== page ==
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Earthquake
2:42 pm
Mon April 21, 2014

Why Some Buildings Aren't Ready For 'The Big One'

Credit Flickr Photo/Richard Walker (CC BY-NC-ND)

When disaster strikes, architects and engineers see their best laid plans put to the test.

When the Nisqually Earthquake struck in 2001, home repair expert Roger Faris was at the Phinney Neighborhood Center celebrating the retrofit of the former school lunchroom.

Steve Scher recently met with Faris and engineer Dan Say to point out the work that was done to reinforce the old school building. They say there are still hundreds of un-reinforced masonry buildings at risk if and when the next earthquake hits.

Mexico City Quake
3:20 pm
Fri April 18, 2014

The Challenges To Predicting Earthquakes

Credit Flickr Photo/Richard Walker (CC BY-NC-ND)

Moments before the magnitude-7.2 earthquake struck central and southern Mexico, people received a text message warning on their phones.

Ross Reynolds talks with John Vidale, Washington state seismologist and UW professor, about the challenges to predicting earthquakes.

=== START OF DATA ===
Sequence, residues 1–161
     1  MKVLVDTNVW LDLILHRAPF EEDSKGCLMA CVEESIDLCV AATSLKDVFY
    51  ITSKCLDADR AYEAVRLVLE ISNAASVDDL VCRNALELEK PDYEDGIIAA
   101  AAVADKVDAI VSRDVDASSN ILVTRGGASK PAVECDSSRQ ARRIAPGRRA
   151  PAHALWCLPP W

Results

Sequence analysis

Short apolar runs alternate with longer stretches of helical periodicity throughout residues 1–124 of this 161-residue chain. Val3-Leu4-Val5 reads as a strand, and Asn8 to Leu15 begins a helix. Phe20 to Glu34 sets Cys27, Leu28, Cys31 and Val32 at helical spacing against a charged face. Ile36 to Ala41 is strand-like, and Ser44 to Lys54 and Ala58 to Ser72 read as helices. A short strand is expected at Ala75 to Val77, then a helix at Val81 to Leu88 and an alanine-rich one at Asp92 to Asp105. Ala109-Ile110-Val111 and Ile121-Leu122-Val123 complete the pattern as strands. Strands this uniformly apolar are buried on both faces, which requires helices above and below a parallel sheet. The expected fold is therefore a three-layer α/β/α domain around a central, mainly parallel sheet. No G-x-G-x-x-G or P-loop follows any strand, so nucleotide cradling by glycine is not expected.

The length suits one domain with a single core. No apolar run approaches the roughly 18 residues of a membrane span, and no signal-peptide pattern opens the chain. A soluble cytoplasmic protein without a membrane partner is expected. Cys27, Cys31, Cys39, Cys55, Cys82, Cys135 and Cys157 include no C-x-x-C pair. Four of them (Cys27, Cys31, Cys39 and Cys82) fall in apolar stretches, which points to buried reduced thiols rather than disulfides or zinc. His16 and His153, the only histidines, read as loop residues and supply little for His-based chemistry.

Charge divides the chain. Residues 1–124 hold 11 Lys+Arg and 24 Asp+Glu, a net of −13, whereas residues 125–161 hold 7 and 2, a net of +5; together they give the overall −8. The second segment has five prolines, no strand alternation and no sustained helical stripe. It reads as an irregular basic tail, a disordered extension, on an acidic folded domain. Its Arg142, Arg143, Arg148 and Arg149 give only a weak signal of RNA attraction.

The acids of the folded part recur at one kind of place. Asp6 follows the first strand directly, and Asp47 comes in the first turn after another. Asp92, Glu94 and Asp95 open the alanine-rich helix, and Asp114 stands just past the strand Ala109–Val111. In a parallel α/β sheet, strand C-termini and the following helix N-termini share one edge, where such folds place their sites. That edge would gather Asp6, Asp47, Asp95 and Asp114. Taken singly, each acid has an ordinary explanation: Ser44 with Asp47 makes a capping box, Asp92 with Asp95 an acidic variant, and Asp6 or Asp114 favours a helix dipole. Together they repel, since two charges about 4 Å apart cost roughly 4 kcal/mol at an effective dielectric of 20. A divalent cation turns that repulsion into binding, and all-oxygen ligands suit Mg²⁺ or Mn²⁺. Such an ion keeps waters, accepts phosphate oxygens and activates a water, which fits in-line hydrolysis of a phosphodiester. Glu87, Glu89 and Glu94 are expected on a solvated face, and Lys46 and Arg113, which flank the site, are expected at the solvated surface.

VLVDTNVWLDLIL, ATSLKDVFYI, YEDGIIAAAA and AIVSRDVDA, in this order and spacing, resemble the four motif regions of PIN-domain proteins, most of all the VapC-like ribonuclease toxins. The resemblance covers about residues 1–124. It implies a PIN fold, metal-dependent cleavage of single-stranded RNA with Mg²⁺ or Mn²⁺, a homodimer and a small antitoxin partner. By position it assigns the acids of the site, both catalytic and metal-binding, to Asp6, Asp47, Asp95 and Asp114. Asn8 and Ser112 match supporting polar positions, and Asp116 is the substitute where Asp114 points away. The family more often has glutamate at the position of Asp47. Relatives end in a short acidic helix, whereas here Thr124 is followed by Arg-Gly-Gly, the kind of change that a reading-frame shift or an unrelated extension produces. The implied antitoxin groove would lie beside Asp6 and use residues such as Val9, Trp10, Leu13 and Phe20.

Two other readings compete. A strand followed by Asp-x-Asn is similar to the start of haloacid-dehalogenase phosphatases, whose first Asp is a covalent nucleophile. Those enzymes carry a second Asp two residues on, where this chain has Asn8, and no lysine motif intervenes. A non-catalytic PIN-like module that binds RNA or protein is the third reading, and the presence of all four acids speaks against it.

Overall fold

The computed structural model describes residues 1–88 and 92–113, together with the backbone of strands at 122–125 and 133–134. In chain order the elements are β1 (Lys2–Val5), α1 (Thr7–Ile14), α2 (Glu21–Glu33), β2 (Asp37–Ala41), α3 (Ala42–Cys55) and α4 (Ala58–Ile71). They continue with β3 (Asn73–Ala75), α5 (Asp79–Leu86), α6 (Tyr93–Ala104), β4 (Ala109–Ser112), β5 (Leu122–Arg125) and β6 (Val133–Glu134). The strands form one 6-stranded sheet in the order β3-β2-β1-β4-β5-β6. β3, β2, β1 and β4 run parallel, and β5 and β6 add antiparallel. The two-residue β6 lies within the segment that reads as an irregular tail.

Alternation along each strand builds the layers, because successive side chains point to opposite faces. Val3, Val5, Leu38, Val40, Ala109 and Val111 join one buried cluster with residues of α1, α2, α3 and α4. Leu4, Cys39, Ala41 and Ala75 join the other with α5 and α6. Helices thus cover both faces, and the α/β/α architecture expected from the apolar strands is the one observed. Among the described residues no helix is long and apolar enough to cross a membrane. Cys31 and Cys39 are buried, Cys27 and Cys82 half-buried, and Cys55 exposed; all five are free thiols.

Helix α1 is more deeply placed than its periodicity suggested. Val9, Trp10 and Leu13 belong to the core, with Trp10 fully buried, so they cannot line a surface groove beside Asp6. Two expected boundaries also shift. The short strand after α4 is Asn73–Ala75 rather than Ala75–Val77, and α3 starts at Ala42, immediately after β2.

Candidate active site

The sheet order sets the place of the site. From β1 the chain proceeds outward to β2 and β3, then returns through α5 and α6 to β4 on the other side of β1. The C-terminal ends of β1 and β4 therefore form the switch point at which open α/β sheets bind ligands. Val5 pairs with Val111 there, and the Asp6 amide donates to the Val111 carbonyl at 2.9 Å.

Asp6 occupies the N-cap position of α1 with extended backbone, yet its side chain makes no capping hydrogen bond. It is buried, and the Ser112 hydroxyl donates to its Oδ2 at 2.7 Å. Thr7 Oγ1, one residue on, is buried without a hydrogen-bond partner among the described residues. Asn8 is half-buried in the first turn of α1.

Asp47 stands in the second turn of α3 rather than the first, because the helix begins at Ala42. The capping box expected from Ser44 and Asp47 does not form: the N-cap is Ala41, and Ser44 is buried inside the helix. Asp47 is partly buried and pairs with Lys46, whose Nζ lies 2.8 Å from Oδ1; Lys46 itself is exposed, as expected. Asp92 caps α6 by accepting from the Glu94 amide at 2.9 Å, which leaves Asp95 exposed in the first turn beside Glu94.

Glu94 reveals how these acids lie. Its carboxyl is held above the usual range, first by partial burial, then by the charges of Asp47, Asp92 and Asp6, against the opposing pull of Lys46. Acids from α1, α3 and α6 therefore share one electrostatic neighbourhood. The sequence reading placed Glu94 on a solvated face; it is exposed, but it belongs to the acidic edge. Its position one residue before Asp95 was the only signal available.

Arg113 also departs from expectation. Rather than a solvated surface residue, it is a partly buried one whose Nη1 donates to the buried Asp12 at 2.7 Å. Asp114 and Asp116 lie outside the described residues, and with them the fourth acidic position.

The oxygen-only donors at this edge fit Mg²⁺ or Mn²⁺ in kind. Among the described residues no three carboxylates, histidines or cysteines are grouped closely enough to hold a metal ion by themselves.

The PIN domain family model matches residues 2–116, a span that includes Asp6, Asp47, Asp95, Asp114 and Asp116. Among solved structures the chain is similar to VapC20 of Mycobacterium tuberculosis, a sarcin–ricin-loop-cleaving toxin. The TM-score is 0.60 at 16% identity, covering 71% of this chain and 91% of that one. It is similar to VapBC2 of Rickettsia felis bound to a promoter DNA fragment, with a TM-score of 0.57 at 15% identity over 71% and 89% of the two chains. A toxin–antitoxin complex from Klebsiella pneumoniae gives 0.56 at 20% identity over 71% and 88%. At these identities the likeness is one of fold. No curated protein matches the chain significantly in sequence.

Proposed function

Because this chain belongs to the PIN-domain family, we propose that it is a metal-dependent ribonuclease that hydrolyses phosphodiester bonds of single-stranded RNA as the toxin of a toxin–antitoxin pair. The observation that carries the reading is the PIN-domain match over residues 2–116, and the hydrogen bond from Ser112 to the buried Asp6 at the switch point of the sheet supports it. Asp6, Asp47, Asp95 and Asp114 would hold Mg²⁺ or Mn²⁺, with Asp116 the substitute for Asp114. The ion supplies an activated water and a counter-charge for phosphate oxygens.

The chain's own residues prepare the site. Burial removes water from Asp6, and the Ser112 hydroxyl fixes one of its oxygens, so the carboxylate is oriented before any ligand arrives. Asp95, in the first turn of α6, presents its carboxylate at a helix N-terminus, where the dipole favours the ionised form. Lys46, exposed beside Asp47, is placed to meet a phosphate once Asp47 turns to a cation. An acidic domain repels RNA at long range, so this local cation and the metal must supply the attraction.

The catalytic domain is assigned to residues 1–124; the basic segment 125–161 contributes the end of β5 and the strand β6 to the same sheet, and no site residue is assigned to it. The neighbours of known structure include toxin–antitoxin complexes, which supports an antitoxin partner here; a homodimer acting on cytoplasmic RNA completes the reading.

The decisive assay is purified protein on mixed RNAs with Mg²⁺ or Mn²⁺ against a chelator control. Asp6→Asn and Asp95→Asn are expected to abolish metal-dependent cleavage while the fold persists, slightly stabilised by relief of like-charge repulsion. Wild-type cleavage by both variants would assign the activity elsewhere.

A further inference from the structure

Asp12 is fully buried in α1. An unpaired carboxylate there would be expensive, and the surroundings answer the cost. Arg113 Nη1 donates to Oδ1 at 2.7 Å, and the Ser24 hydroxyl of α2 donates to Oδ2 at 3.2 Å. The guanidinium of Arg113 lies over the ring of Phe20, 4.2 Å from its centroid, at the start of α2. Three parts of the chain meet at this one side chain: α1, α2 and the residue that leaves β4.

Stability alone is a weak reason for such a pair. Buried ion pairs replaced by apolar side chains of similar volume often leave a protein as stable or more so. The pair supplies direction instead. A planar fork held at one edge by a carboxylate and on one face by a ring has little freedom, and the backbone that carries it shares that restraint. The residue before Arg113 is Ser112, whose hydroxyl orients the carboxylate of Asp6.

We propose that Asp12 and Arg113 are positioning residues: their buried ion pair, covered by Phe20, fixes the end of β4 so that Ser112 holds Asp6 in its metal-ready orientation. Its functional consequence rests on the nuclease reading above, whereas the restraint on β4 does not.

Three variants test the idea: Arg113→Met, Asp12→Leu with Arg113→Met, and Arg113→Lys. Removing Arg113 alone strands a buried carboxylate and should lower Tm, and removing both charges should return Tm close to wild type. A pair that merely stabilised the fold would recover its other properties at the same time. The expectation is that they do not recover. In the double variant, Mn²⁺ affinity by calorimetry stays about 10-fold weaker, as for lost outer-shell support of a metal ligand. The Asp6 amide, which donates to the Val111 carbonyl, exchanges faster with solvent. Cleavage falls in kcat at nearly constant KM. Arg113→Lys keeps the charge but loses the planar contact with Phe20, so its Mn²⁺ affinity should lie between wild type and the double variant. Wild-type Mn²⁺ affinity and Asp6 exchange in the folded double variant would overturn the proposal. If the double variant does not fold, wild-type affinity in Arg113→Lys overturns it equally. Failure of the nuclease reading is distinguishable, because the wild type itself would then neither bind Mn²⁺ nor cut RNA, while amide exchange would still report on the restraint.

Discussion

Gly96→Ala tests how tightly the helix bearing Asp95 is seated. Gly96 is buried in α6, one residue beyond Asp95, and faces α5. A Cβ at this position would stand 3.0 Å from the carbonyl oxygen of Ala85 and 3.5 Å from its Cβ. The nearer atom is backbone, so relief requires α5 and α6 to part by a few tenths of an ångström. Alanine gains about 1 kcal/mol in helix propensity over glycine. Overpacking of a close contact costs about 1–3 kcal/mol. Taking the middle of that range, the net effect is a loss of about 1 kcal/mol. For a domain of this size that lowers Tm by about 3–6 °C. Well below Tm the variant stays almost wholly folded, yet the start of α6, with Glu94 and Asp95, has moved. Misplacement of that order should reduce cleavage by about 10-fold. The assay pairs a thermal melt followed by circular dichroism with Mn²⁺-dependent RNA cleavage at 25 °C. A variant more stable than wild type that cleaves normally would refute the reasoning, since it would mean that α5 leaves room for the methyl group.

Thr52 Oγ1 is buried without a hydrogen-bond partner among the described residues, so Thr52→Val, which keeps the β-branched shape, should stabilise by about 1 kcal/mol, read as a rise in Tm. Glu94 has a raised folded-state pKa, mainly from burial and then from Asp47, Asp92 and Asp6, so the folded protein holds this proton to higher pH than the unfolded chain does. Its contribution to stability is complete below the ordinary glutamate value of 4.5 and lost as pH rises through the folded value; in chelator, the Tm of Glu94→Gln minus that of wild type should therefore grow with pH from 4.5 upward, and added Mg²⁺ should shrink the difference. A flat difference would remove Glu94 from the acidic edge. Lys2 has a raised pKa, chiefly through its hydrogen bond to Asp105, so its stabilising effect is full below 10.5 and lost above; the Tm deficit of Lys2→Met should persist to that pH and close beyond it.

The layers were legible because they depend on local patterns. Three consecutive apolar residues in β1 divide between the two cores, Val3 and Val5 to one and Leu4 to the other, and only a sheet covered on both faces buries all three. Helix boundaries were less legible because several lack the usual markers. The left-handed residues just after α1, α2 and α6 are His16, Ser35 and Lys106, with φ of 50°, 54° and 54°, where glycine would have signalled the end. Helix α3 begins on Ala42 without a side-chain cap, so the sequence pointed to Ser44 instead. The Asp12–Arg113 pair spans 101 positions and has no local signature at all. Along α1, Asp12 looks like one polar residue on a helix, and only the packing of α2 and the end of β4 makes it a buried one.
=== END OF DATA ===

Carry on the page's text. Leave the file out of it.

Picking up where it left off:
Tsunami Warning Canceled
4:02 am
Wed April 2, 2014

Tense Hours, Then Sighs Of Relief After Huge Quake Off Chile

Scared residents hug in the hallway of an apartment building Tuesday after Iquique, Chile, was rocked by a strong earthquake.
Cristian Viveros AP

Originally published on Wed April 2, 2014 10:32 am

The extent of the damage isn't yet clear and the six deaths reported so far may be followed by news of other fatalities.

But on the morning after a massive, 8.2 magnitude earthquake off the coast of northern Chile there are sighs of relief there and in neighboring Peru.

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This Not Just In
10:51 am
Thu March 27, 2014

Remembering The 'Pioneer Spirit' Of Alaska's 9.2 Earthquake

Alaska Earthquake March 27, 1964. Collapse of Fourth Avenue near C Street in Anchorage due to a landslide caused by the earthquake.
U.S. Geological Survey Photographic Library

Fifty years ago, a large earthquake centered near Anchorage, Alaska, set off a fatal chain of destruction that reached through Washington and all the way down into California.

March 27, 1964 – Good Friday – was a typical early spring day in Seattle. But just after 7:30 p.m., an earthquake disrupted the peaceful evening all along the Pacific coast.

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Natural Disaster
3:44 pm
Tue March 11, 2014

Reconstructing Japan Three Years After The Earthquake And Tsunami

People mourn for victims of the March 11, 2011 earthquake and tsunami, in Tokyo, Tuesday, March 11, 2014.
AP Photo/Eugene Hoshiko

Marcie Sillman talks with Seattle Times science reporter Sandi Doughton about Japan's efforts to rebuild after the devastating earthquake and tsunami on March 11, 2011.